A job interview is one of the single most terrifying experiences the modern man can go through – often because it means so much: more money, a better job, increased career potential, the ability to pay your way or something that finally gets you out of unemployment.
And on top of this, it is also an absolute sartorial minefield.
As far as I can tell, there are two main reasons why men find it so difficult to dress for an interview. The first is that the job market has diversified beyond recognition; each industry now requires a different approach, whilst the description of many industries has changed completely. It’s no longer a case of waking up in the morning, pulling on your suit and stepping out the door – it’s a lot more complicated than that.
The second and perhaps most damning reason is our own developed interest in how we look. The modern man takes a lot more pride in his appearance, and the way we dress has become something of a competition. Being well dressed is no longer restricted to a select few, so we are constantly driving each other to become better dressed – in turn, this changes the rules on how we SHOULD dress.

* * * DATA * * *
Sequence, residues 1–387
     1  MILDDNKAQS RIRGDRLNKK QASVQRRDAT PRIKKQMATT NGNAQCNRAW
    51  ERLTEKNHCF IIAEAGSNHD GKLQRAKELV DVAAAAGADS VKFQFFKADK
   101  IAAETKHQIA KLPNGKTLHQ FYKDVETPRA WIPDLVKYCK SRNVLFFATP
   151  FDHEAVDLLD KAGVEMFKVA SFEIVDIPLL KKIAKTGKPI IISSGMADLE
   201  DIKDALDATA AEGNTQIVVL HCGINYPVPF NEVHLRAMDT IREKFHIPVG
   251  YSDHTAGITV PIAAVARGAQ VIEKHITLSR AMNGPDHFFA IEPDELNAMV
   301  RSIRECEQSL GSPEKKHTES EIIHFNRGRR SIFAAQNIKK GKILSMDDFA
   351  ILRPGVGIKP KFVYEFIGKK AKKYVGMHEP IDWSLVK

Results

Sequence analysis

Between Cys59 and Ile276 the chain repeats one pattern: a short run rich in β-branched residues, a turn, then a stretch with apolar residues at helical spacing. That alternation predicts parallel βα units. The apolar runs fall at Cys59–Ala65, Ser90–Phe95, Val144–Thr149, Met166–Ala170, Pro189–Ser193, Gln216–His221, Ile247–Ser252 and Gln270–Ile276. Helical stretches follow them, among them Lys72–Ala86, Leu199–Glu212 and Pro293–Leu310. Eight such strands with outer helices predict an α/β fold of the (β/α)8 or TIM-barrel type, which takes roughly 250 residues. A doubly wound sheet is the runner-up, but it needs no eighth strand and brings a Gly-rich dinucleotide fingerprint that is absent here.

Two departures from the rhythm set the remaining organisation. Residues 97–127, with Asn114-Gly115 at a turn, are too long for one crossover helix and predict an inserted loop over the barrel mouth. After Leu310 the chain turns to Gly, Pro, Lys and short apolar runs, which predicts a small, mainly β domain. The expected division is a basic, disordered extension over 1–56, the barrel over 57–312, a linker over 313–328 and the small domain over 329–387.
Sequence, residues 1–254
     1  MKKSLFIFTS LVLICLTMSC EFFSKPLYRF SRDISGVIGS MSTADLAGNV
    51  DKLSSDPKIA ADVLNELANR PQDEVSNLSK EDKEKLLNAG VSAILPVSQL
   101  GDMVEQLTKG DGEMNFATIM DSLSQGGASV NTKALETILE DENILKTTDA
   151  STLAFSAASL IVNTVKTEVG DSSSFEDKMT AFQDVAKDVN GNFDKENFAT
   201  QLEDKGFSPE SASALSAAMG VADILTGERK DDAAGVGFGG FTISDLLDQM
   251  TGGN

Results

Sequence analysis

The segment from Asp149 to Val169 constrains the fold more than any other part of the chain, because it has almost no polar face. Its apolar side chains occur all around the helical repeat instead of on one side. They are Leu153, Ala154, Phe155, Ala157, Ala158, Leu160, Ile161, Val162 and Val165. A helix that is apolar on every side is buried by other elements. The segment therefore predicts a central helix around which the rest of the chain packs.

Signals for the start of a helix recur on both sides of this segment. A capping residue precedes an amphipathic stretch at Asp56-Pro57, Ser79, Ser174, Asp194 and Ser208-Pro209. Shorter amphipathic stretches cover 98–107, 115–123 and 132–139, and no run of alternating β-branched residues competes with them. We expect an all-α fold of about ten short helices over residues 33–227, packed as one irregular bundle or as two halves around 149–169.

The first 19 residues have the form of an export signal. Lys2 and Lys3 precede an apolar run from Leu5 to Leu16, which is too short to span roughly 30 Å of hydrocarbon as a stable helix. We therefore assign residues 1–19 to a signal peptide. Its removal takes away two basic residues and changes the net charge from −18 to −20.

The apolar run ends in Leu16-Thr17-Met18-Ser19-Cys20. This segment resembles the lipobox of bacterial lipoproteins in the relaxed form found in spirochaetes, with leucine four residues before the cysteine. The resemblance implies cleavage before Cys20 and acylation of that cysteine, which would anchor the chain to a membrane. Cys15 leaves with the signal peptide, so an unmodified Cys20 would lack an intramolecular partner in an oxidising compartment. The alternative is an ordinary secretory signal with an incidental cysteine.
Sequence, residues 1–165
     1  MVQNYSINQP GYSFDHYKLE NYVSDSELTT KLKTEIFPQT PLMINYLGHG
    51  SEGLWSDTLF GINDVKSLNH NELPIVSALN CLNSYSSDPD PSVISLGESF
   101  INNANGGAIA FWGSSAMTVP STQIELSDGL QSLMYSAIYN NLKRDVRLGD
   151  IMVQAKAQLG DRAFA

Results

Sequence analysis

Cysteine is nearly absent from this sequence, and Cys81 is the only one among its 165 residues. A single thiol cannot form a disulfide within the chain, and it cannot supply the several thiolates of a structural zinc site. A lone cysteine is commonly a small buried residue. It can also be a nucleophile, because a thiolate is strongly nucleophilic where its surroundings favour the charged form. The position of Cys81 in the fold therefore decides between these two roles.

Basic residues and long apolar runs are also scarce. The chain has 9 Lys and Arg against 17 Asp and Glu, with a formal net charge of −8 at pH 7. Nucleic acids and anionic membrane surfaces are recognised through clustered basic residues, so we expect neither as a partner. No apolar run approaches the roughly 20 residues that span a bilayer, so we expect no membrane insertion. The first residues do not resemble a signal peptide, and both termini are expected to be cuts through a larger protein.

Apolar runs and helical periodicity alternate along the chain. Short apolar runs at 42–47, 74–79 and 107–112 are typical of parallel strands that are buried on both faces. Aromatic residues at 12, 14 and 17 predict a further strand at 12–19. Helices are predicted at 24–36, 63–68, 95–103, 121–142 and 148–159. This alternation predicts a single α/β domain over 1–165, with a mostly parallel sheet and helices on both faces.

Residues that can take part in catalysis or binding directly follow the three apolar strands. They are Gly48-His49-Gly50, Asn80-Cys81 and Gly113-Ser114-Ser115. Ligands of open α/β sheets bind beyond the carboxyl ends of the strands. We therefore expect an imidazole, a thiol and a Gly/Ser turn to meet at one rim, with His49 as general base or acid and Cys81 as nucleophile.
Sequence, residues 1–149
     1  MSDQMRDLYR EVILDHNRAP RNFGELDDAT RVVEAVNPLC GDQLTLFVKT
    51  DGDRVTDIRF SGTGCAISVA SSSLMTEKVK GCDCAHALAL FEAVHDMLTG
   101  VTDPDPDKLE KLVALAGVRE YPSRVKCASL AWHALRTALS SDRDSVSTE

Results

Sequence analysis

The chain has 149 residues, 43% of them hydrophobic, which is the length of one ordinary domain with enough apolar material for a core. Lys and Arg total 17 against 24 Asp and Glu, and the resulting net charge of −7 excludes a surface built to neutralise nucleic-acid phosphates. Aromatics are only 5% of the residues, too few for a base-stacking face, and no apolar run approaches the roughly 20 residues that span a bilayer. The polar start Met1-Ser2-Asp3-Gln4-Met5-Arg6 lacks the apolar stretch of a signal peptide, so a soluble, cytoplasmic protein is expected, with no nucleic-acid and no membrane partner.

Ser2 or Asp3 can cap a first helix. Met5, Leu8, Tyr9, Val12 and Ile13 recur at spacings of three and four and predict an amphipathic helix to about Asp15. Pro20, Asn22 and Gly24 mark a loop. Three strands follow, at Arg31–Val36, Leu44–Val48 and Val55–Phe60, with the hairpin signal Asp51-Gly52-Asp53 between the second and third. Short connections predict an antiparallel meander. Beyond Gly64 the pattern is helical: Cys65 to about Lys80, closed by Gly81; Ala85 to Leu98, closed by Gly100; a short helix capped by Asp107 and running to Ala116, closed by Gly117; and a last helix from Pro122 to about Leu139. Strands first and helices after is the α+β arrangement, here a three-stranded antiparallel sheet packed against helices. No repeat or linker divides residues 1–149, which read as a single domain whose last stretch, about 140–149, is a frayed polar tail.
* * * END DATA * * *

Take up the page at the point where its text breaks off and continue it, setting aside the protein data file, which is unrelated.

To help you make an informed decision on what to wear to your upcoming interview, we’ve put together a few tips for a number of different scenarios that will have you feeling comfortable and confident as you step in the room; what then comes out of your mouth is entirely down to you.
When it comes to interview attire, the suit is king. In the corporate/business world, wearing a suit is standard practice across the board, so wearing one to your interview is the obvious choice: it shows you understand your situation and that you respect your potential employer. Plus, a man will never look better than he does in a well-tailored suit, fact.
If ever in doubt, wear a suit.